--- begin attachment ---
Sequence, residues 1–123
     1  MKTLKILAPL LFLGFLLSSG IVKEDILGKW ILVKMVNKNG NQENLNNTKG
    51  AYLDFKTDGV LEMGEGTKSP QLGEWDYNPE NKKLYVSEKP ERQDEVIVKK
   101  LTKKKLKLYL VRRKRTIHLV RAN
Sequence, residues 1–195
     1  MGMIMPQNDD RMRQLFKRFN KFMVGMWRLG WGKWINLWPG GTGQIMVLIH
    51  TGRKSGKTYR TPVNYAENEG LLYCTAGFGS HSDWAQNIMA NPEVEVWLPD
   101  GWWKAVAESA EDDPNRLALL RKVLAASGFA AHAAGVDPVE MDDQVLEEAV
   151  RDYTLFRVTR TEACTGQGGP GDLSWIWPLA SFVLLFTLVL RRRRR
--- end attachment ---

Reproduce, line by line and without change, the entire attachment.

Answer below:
Sequence, residues 1–123
     1  MKTLKILAPL LFLGFLLSSG IVKEDILGKW ILVKMVNKNG NQENLNNTKG
    51  AYLDFKTDGV LEMGEGTKSP QLGEWDYNPE NKKLYVSEKP ERQDEVIVKK
   101  LTKKKLKLYL VRRKRTIHLV RAN
Sequence, residues 1–195
     1  MGMIMPQNDD RMRQLFKRFN KFMVGMWRLG WGKWINLWPG GTGQIMVLIH
    51  TGRKSGKTYR TPVNYAENEG LLYCTAGFGS HSDWAQNIMA NPEVEVWLPD
   101  GWWKAVAESA EDDPNRLALL RKVLAASGFA AHAAGVDPVE MDDQVLEEAV
   151  RDYTLFRVTR TEACTGQGGP GDLSWIWPLA SFVLLFTLVL RRRRR